John Owen on the tithe:

“There is great inquiry usually made on this place, whether tithes
be due by the light of nature, or at least by such a moral-positive
command of God as should be perpetually obligatory unto all worshippers
unto the end of the world. This many contend for, and
the principal reasons which they plead from the Scripture are these:
1. That tithes were paid before the law as well as under the law;
and what was so observed in the worship of God,—namely, that
being in usage before the law, and confirmed by the law,—is originally
of the law of nature, and could have no other fountain.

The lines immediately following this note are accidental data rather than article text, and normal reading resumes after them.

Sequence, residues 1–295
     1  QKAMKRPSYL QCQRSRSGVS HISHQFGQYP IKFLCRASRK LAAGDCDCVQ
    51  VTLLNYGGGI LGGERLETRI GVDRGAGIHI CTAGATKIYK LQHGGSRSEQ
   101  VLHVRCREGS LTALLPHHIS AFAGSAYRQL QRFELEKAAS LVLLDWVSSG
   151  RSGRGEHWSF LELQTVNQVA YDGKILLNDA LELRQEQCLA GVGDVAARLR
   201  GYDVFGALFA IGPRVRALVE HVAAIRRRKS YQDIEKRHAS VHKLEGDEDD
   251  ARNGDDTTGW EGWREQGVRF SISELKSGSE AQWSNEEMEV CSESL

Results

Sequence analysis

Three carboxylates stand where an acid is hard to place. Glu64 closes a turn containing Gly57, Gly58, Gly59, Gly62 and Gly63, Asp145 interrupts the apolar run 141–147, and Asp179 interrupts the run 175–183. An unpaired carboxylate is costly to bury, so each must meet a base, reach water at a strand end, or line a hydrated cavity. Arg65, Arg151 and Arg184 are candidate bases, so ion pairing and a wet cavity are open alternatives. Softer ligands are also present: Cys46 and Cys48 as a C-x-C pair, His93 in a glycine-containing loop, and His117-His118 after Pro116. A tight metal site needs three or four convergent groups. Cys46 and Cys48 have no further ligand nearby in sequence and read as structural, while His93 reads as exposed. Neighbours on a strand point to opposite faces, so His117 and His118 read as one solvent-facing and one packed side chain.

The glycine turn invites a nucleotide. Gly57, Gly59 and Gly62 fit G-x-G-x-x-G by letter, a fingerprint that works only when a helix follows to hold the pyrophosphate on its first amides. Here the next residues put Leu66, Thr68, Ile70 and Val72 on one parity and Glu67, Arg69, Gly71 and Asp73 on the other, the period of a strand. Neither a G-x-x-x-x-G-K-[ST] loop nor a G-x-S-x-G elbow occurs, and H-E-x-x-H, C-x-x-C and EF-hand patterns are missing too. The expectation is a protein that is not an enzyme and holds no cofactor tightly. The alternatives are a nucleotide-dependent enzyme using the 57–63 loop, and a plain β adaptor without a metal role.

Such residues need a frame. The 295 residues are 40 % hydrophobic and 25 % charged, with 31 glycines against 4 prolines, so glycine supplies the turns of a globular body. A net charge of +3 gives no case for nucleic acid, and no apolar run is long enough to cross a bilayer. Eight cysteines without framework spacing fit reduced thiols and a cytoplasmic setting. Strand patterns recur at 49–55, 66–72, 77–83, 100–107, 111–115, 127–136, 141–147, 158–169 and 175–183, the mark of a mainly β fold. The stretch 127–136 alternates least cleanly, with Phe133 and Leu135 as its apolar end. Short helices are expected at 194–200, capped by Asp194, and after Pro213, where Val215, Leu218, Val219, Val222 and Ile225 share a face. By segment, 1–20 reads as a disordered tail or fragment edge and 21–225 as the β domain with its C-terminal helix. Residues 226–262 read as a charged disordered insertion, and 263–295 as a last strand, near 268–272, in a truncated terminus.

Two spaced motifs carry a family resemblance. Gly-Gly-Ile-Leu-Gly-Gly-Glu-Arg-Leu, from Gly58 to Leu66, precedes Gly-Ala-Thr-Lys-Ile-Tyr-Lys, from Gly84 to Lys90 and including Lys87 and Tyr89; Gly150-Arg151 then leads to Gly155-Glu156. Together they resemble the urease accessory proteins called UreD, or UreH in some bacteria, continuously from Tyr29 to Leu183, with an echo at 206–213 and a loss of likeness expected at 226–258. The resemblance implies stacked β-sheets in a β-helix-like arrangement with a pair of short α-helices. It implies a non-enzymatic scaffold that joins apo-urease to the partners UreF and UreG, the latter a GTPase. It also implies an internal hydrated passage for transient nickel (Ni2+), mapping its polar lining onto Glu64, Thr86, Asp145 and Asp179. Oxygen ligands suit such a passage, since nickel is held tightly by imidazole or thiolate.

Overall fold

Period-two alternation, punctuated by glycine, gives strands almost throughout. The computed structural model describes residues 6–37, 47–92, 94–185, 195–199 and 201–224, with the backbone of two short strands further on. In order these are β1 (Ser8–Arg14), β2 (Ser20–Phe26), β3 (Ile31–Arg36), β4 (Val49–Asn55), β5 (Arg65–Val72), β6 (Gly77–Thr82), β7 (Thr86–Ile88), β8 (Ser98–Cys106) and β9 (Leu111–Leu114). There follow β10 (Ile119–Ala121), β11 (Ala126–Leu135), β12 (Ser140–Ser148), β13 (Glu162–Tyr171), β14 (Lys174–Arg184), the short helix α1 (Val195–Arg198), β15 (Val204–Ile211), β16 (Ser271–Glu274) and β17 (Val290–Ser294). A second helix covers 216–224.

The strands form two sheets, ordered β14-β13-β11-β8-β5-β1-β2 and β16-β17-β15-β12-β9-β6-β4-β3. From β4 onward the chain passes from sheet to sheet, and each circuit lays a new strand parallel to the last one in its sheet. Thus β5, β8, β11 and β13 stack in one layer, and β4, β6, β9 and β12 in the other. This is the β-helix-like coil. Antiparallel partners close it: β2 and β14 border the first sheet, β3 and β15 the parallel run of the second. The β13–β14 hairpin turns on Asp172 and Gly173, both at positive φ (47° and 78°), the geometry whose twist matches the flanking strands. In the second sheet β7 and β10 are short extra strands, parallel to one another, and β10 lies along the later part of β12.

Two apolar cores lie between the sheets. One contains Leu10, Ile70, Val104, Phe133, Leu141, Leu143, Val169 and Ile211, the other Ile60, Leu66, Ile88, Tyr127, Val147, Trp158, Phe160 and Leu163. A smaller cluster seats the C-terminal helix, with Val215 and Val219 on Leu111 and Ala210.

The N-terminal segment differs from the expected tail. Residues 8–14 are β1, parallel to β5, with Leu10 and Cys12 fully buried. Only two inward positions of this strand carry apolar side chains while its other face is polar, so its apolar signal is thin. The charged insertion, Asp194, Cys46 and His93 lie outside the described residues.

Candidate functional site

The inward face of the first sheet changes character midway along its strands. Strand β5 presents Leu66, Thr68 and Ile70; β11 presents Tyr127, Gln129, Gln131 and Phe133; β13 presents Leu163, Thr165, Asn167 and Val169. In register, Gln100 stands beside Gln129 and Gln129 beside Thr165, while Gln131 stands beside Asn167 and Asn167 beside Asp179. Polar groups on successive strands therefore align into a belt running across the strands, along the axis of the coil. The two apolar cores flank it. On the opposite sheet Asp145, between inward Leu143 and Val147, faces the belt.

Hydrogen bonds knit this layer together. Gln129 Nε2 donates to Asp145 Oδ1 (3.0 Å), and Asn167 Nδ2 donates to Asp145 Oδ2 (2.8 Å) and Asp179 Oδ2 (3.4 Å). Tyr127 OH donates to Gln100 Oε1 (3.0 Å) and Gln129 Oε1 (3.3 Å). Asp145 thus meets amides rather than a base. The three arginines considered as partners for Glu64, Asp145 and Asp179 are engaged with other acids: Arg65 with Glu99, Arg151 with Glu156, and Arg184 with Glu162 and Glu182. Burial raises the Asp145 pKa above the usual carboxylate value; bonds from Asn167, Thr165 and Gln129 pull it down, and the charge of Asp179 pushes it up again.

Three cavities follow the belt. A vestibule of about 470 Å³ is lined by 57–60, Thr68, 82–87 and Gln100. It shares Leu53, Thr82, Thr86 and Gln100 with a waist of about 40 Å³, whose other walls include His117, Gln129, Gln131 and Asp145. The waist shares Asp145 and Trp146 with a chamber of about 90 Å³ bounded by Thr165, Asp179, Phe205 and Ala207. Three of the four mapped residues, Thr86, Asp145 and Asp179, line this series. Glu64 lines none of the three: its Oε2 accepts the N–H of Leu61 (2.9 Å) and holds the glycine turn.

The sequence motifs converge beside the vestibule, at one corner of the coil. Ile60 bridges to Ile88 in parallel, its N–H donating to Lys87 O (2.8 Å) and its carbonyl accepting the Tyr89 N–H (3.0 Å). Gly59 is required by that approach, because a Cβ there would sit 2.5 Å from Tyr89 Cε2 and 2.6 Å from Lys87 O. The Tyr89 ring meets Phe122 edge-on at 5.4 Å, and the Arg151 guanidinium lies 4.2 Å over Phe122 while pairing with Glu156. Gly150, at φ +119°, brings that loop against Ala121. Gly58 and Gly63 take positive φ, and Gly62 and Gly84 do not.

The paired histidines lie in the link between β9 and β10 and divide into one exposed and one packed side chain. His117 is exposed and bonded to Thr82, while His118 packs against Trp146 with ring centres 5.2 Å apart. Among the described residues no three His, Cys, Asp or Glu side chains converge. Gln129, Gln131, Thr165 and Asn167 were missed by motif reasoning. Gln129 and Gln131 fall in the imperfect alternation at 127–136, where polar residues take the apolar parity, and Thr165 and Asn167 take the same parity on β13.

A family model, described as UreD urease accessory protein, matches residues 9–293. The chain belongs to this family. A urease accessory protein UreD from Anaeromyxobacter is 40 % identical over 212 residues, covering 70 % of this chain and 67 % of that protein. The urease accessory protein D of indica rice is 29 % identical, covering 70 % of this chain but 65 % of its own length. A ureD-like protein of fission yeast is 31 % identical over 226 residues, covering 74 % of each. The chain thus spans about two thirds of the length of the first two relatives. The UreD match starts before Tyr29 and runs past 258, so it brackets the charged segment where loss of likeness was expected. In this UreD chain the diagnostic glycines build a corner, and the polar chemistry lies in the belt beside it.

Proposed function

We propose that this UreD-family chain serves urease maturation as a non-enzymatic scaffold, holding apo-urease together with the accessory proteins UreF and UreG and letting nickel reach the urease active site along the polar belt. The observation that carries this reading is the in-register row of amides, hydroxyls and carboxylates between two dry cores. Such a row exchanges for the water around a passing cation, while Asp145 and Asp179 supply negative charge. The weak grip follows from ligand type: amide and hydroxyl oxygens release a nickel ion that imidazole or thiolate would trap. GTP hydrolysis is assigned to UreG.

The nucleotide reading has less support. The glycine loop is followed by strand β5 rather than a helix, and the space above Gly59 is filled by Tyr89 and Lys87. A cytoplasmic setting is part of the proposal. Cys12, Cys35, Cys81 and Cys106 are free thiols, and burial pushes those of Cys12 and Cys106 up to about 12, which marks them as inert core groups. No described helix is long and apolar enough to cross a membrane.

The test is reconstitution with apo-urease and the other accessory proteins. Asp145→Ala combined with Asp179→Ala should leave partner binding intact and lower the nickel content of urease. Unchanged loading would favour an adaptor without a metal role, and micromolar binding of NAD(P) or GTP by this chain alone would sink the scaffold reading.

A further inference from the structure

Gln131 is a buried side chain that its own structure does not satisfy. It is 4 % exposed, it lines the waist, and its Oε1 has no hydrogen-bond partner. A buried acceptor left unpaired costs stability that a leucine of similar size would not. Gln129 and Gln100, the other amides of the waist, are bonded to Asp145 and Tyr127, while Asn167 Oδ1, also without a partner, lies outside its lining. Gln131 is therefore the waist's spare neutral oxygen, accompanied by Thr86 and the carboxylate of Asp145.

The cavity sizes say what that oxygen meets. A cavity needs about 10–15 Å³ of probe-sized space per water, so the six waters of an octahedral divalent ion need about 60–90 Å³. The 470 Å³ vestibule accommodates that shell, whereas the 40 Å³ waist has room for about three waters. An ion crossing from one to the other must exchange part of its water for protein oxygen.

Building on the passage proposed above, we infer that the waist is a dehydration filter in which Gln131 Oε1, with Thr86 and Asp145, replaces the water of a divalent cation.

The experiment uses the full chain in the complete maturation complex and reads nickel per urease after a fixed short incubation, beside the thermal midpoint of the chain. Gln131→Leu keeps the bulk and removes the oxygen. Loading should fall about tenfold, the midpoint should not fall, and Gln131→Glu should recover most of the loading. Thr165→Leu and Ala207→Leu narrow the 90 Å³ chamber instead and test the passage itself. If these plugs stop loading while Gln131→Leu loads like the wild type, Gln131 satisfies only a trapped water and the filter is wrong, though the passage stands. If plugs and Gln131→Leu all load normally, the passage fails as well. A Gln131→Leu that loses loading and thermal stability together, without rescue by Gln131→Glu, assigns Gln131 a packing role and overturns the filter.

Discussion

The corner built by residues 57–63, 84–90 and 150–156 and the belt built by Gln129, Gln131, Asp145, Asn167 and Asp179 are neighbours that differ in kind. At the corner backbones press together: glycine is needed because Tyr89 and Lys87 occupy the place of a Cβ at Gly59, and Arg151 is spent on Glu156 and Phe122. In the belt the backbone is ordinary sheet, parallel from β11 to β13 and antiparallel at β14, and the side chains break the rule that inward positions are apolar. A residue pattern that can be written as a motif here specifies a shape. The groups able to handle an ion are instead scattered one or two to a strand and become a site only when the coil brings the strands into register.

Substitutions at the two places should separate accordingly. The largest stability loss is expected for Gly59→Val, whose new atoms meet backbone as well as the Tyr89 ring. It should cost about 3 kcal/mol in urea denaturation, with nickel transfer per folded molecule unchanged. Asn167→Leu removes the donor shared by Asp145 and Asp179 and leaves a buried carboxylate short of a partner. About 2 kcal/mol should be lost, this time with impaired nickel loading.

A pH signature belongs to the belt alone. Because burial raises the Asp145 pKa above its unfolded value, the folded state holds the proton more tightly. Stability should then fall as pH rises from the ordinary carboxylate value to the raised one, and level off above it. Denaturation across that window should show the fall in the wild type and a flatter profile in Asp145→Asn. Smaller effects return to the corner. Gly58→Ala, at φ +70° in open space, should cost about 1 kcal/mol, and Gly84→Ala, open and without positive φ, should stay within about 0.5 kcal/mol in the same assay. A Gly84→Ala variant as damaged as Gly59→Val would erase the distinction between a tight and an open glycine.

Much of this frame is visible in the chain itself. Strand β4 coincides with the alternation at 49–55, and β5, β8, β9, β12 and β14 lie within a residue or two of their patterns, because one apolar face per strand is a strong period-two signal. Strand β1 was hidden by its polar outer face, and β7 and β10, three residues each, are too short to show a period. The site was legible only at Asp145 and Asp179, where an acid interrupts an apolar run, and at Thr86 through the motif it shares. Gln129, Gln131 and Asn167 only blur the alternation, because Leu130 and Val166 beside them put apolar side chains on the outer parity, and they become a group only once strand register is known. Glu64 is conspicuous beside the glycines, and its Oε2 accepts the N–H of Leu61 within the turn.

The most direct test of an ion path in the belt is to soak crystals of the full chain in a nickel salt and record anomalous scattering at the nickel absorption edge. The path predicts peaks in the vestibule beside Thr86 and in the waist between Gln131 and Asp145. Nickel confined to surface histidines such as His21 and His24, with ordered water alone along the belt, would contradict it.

2. Our Lord Jesus Christ himself, speaking of tithing mint and cummin,
approveth of it, affirming that those things ought not to be omitted,
though the most inferior instance that could be given of the duty.
3. He seems in like manner to have respect thereunto, when he
commands to “give unto Caesar the things that are Caesar’s, and
unto God the things that are God’s,” which were the tithes; the
law concerning them being thereby confirmed, which proves it not
to be ceremonial. And this some men judge to be a certain argument
of that which is moral and unalterable,—namely, the appointed
usage of i t before the law, under the law, and under the gospel after
the expiration of the law of ceremonies, or ” the law of commandments
contained in ordinances.” And it seems so to be, if there be
the same reason of the law or command in all these seasons; for
otherwise it is not so.”

Reformed Theology at Semper Reformanda